It’s all too common for many women to battle a constant reoccurrence of the dreaded urinary tract infection (UTI). In fact, you may have experienced going to your doctor with painful symptoms of a UTI and were prescribed a course of treatment. You likely experienced some relief, only to find the infection is back … or did it even go away in the first place? Ugh! Like many women in this situation, you’ve felt confused, perplexed, and beyond frustrated—you just want to kick this infection to the curb. You’re likely wondering, “Why do I keep getting UTIs?” Well, based on recent research, we have some insight on one cause that will totally shock you.
If you’re reading this and nodding your head because you totally get what we’re saying, you may be very surprised to learn that the antibiotic you’re taking for a UTI may actually cause another UTI, according to a new study. The repetitive, grueling process has to do with your gut health, and you’ll want to read on to learn more ASAP. And next up, be sure to check out The 6 Best Exercises for Strong and Toned Arms in 2022, Trainer Says.
If you’re familiar with the symptoms that come with a urinary tract infection, you know how unbearable and frustrating dealing with one can be. (Symptoms can include a constant urge to urinate, a burning sensation when you pee, urinating small amounts, cloudy urine that looks bright pink, red, or cola-colored, and pelvic pain.) You also may know that it’s common for a UTI to come back, starting the process all over again.
In case you don’t know, bacteria in the urinary tract is what causes a good majority of UTIs. Specifically, Escherichia coli (E. coli) bacteria that are in your intestines find their way into your urinary tract, according to ScienceDaily.
When diagnosed with a UTI, the typical course of treatment is an antibiotic, which normally makes you feel better. But surprisingly, according to Harvard Health, 25% to 30% of women are plagued with another UTI again within six months’ time. In fact, it’s not uncommon for these nasty infections to become an all too familiar cycle, requiring more antibiotics soon after you just finished the previous course. But are they helping or hindering your situation?
A recent study performed at Washington University School of Medicine in St. Louis and the Broad Institute of MIT and Harvard reveals your gut microbiome may be the root of the continuous cycle of UTIs you are experiencing. Furthermore, that superhero known as your antibiotic that comes to the rescue to provide relief? It may be the very cause of repeated UTIs.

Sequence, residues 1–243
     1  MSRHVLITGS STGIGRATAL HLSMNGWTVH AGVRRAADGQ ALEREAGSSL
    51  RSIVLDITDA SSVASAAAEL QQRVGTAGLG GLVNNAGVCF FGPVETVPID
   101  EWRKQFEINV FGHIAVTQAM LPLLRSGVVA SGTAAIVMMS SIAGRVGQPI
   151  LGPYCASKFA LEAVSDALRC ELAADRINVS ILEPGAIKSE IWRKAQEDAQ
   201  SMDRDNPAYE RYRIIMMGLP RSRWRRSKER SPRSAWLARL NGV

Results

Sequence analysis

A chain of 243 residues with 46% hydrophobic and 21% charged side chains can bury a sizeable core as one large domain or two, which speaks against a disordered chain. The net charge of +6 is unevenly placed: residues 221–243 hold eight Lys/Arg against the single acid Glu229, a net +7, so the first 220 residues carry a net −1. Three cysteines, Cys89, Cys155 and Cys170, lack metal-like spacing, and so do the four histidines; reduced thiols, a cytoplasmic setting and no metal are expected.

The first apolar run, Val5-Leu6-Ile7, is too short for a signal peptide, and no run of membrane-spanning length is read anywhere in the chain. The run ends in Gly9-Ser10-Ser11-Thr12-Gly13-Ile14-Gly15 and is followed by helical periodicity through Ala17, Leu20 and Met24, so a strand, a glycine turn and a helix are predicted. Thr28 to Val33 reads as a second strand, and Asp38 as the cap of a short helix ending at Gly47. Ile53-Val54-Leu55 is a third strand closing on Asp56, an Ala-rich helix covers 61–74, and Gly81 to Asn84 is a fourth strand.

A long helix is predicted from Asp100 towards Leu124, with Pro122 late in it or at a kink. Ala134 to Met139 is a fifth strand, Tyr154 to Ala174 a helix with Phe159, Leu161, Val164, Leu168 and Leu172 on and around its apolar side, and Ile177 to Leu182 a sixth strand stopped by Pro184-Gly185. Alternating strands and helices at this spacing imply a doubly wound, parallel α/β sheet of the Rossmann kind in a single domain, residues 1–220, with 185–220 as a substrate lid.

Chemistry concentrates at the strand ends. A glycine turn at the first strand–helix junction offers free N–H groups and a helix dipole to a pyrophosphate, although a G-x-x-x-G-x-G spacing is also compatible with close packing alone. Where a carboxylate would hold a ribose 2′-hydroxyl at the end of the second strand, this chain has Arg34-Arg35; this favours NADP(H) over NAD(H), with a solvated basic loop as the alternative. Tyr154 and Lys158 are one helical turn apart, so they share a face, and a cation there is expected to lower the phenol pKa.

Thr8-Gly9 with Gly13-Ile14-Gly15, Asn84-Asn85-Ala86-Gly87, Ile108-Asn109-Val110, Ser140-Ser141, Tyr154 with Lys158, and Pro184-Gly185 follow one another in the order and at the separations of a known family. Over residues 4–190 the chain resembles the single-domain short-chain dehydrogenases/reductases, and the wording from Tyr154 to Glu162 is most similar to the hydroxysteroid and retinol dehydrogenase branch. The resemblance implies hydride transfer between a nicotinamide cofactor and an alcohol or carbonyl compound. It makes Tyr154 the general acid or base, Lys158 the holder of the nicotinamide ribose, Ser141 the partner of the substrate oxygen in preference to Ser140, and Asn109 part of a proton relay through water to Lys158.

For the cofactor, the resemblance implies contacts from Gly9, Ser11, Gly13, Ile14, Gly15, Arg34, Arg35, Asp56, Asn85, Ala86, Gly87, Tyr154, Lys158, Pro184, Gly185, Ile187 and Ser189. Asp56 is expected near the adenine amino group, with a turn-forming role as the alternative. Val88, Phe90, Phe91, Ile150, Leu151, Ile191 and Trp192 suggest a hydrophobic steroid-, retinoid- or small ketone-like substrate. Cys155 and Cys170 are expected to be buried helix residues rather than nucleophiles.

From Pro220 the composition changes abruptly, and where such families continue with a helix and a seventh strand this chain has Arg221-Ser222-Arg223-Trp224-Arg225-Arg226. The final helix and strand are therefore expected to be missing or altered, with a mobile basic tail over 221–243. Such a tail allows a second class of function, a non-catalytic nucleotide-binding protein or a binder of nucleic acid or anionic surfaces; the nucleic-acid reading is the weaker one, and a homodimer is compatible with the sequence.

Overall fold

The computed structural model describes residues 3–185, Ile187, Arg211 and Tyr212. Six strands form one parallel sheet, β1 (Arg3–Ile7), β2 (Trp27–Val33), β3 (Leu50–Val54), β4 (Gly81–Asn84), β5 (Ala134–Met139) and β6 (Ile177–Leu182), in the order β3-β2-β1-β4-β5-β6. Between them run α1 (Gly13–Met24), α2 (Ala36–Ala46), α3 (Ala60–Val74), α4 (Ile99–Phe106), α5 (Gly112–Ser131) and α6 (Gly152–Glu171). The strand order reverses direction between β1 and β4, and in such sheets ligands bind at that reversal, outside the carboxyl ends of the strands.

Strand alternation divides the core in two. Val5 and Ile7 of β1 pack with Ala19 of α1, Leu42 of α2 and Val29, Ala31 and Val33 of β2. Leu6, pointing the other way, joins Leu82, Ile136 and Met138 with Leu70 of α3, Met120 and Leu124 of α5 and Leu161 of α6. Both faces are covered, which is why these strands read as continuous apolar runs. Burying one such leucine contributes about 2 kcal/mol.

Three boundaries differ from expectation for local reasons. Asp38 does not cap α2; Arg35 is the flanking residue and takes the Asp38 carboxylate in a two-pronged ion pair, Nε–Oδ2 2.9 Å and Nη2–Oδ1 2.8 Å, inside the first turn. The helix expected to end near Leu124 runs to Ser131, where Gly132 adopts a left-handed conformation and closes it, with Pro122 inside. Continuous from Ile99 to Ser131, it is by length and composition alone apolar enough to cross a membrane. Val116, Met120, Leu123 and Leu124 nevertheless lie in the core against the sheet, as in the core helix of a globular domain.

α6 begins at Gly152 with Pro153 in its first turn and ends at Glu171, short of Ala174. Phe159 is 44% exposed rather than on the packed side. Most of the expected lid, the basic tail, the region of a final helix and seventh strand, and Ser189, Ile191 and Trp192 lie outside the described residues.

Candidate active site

That’s correct. The study published in Nature Microbiology indicates that women plagued with persistent UTIs appear to be caught in a consistent pattern where the antibiotic prescribed to clear the infection puts them at risk for another one. Scientists found that doing a round of antibiotics fights bacteria from the bladder, but it does not address bacteria in the intestines. Because of this, the microbiome left in your gut can grow, spreading back to your bladder, and—you guessed it—another UTI is back in town. Essentially, by taking more antibiotics, you risk creating chaos in your gut microbiome (the good bacteria that resides in your intestines).
The participants in the study who experienced persistent urinary tract infections were found to have fewer varied microbiomes containing a lower level of “good bacteria.” This good bacteria is necessary to balance inflammation. This group of women was found to have a very bold immunological pattern in their blood, revealing inflammation.
According to Scott J. Hultgren, Ph.D., the Helen L. Stoever Professor of Molecular Microbiology at Washington University and co-senior author of the study, “It’s frustrating for women who are coming in to the doctor with recurrence after recurrence after recurrence, and the doctor, who’s typically male, gives them advice about hygiene.” Hultgren adds, “That’s not necessarily what the problem is. It’s not necessarily poor hygiene that’s causing this. The problem lies in the disease itself, in this connection between the gut and the bladder and levels of inflammation. Basically, physicians don’t know what to do with recurrent UTI. All they have is antibiotics, so they throw more antibiotics at the problem, which probably just makes things worse.”
In an effort to learn why some females get persistent infections while other women rarely (if ever) get one, Hultgren worked with two other scientists in this study. The team included Ashlee Earl, Ph.D., senior group leader for the Bacterial Genomics Group at Broad Institute and the paper’s co-senior author, and computational biologist and the paper’s lead author, Colin Worby, Ph.D.
Perhaps we are treating the urinary tract infection, but not targeting the root of the problem that’s causing it. Your gut health seems to matter when it comes to a UTI!